The combat was inferior to its rivals, but it still had a fairly involved system. You had a counter system that was based around two types of armor and counter units. Combine this with teching, the situation on the map, and the resources you had to balance, it was difficult to pin down the “right” answer to all situations. Sometimes it would be critical for you to get an armor upgrade at the right time, sometimes you need to have a legion of that critical counter unit, still other times it would be imperative for you to get to a later age and crush people with superior technology. Or maybe you focus on getting walls and turtling up and negating that early rush and come back stronger. Whatever decision you went with, it was imperative to balance this with your economy. For example, if you mostly geared your economy to produce a lot of archers (wood+gold), but you suddenly needed some knights to take care of the siege (food+gold), it would require you to significantly change your economy to support the new resource requirements. Not to mention foresight to have the technology to create the units. So strategic planning was rewarded. Add the positional advantage of height and properly using range units, and a relatively simple naval game, and you had enough here to outmaneuver the opposing army with proper planning. You couldn’t just walk in and expect to win.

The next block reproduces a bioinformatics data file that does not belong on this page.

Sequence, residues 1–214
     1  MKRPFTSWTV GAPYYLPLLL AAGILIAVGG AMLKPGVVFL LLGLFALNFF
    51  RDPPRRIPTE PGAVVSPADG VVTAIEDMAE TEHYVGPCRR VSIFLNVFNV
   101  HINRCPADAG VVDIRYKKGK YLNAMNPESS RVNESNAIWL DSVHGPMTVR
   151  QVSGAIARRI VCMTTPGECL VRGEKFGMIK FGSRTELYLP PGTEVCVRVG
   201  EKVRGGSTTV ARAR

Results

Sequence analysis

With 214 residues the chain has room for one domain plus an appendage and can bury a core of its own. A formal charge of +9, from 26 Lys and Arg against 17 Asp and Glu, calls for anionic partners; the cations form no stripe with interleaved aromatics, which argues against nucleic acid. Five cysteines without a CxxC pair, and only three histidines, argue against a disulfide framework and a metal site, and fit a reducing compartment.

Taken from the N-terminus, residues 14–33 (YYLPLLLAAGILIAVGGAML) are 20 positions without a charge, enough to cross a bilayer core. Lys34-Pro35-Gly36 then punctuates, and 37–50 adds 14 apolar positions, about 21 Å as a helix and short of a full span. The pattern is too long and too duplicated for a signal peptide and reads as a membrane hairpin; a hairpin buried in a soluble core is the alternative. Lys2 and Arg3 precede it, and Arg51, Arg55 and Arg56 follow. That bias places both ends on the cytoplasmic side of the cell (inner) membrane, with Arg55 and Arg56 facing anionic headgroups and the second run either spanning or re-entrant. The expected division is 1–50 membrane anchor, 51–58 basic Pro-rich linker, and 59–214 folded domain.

And the games were fun. My most memorable game had me fighting against 4 AI. I invaded two civilizations while using a choke and a defensive line to defend against the others. I managed to win, but the fight had lasted long enough for the other two to expand across half the map and get trebuchets to take out my castles and overcome my defenses. After a brutal hour and a half of fighting which had us ransacking each other’s land back and forth, entire cities getting destroyed and rebuilt, battlefield littered with bodies, I was finally able to break through. The key to victory came when I restructured my army to focus on attrition and get enough resources to get a critical mass of bombard cannons. This epic game had us exhausting every resource in the map, had me transitioning across multiple army compositions to maximize the strategic resources I had available, and salvaging everything I could from the opponent.

Age of Empires III never lived up to the hype of this game. The maps were smaller, there were weird caps on your units, the peasants didn’t even have drop off points, and you were a lot more restricted with buildings. So, we haven’t really had a full sequel to this game, although Age of Mythology was quite fun. To be a complete sequel to Age of Empires means expanding both on the civilian front and the military one. Sure, there have been some games that focused one aspect or the other. Empire Earth/Rise of Nations with their focus on the teching aspect. Games with the same theme like Total War which focused on the tactical portion and even recreates that battle in that cinematic in the actual game. Anno which had a more developed civil portion, or even games like Dwarf Fortress which actually did a good job expanding both… but more for the individuals of the colony rather than at an empire/city level. But creating an actual sequel that fulfilled on the promise of the Age of Empires series, or at least encapsulated it, still hasn’t really been done.